What is it?
• Hyperadrenocorticism, otherwise known as Cushings Disease, is the condition in which there is an overproduction of cortisol or other glucocorticoid hormones.
• Middle aged and senior dogs are most susceptible to the disease.
What causes it?
• Pituitary-dependent hyperadrenocorticism occurs when a tumor in the pituitary gland causes an increase in the production of ACTH, which causes the adrenal glands to become overactive.
• Common symptoms include increased thirst, appetite, or urination, obesity, muscle weakness, lethargy, thinning of coat, heat intolerance, and urinary tract or skin infections.
What tests are needed?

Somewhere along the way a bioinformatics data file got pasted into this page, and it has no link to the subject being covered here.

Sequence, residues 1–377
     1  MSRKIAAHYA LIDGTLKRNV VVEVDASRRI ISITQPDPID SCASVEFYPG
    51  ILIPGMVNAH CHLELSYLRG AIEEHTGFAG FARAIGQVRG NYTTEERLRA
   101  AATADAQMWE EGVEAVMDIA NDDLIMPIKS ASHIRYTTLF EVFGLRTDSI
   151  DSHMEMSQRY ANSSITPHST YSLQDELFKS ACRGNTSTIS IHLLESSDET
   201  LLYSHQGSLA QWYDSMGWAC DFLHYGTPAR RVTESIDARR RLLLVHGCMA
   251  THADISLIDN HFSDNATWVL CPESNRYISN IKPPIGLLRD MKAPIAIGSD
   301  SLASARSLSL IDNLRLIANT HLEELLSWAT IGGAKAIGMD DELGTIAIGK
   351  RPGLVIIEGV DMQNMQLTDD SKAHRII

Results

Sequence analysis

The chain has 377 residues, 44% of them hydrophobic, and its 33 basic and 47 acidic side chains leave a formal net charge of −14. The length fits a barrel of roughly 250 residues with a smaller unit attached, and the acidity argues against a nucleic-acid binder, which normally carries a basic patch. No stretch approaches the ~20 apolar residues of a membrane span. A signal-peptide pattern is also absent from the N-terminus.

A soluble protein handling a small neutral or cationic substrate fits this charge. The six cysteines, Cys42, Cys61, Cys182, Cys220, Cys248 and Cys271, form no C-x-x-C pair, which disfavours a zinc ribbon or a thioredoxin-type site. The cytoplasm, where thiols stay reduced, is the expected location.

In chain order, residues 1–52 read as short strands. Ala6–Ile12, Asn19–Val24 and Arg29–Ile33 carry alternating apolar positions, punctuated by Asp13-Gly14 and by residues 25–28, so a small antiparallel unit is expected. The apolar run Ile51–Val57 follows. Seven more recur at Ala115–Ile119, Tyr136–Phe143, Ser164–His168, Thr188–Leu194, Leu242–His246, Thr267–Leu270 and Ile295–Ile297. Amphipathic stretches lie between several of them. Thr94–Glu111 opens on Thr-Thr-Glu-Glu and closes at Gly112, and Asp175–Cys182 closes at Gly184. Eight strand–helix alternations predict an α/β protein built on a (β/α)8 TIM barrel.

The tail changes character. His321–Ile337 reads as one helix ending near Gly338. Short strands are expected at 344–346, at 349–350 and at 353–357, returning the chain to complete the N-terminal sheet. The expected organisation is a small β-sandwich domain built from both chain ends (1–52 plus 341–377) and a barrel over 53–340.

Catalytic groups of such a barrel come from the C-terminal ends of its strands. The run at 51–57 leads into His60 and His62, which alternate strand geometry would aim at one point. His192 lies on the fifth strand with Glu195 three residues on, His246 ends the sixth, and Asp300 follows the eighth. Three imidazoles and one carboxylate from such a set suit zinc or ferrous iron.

• Because clinical signs are specific for this disease, extensive laboratory tests must be performed.
• Routine blood tests may show high levels of liver enzymes, cholesterol, blood sugar, and/or white blood cells.
• Screening tests are available to measure cortisol levels and usually require blood samples.
• Test results may not be clear cut, so often Cushing’s Disease may be tough to diagnose.
How is it treated?
• There are a number of medications available to treat Cushing’s Disease such as milotane or trilostane.
• Tumors may be removed through use of radiation or surgery.
What follow up care is needed?
• Repeated laboratory testing is necessary to monitor the status of the condition.
• Pet owners should research and understand the side effects to any drugs that are administered.
• The disease may shorten the dog’s overall lifespan, but most improve with therapy.